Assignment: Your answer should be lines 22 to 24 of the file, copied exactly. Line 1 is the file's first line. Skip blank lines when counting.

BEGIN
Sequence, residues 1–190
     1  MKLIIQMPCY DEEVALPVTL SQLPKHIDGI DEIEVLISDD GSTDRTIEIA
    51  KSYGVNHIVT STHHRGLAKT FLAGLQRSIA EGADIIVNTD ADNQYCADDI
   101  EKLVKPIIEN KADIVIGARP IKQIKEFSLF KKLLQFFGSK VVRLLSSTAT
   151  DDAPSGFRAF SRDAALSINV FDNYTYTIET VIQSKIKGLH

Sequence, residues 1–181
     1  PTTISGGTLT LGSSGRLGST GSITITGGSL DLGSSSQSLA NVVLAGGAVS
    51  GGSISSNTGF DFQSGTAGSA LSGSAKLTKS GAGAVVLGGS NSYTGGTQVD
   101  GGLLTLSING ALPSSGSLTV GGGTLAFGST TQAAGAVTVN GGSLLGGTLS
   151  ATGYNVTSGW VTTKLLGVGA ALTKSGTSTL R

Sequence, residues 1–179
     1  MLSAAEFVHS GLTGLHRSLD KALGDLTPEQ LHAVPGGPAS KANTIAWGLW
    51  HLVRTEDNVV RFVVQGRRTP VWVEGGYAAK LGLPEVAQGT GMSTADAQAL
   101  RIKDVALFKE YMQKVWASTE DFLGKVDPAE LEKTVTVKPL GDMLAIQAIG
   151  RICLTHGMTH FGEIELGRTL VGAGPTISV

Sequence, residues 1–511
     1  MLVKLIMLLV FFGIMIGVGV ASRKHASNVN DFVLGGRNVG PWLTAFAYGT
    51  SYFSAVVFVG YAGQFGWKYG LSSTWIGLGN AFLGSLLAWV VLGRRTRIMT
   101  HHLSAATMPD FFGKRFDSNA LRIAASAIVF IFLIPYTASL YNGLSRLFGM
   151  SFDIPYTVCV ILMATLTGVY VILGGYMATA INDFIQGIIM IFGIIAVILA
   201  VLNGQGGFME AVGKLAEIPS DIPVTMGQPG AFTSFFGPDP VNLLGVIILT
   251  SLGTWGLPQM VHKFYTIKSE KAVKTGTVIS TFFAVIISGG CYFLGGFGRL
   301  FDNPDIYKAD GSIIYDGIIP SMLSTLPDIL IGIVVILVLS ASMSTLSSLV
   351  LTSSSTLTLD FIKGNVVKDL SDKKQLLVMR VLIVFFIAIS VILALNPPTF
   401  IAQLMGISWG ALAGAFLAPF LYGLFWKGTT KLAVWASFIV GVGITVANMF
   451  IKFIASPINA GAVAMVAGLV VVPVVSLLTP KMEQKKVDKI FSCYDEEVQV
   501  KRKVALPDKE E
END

   251  SLGTWGLPQM VHKFYTIKSE KAVKTGTVIS TFFAVIISGG CYFLGGFGRL
   301  FDNPDIYKAD GSIIYDGIIP SMLSTLPDIL IGIVVILVLS ASMSTLSSLV
   351  LTSSSTLTLD FIKGNVVKDL SDKKQLLVMR VLIVFFIAIS VILALNPPTF